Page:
Beginning at step 910, operations 901 commence for main screen maintenance. At step 912 operations monitor to determine that the main screen is active. If yes, operations monitor for a user action or a notification of a visual modification to an icon (step 914). Upon such an occurrence, a new screen is drawn reflecting the visual modification of an icon or the user's action (step 916, via Yes branch). Exemplary user actions are moving the focus or cursor over the icons of a main screen to highlight an icon or activating an application associated with the icon. The highlighting of an icon that was previously visually modified may further initiate a dialog box display requiring the drawing of the main screen as described above. Once the screen is drawn at step 916 or if no new icon or user activity is detected at step 914, operations 901 repeat at 912. At step 912, if the main screen is no longer active, for example because a user has navigated to another screen, operations 901 may cease (step 918 via No branch) until the main screen is reactivated (not shown).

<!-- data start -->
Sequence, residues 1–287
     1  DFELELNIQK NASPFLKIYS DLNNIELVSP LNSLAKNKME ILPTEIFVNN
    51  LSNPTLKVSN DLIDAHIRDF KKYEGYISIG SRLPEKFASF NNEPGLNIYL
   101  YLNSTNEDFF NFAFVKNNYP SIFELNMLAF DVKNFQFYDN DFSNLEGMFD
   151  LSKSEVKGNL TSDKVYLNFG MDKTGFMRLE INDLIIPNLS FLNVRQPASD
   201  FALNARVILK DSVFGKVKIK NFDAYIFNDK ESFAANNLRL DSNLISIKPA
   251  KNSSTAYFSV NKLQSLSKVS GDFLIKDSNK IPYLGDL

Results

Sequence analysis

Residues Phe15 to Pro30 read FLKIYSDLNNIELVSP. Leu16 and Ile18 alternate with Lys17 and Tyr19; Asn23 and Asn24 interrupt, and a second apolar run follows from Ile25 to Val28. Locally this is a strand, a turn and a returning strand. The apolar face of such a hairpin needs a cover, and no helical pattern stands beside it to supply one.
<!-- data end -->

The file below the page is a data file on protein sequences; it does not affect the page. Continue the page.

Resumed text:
Operations 900 illustrate a method aspect of an embodiment of the invention monitoring events of a single application. As will be understood to those of ordinary skill in the art, mobile station 202 may be configured to have multiple monitors, one for each application, or a single monitor configured to monitor all applications for new events. Alternatively, each type of application could have a monitor for monitoring respective instances of the application type. For example, a single monitor could be configured for monitoring the three IM applications of the above-described embodiment, a further monitor may be configured for the two e-mail applications, a further for the phone application, etc.
While operations 910 are illustrated as waiting to be advised of a new visual modification, other initiation mechanisms could be employed. For example, each application or respective monitor therefor could be queried for new visual modifications.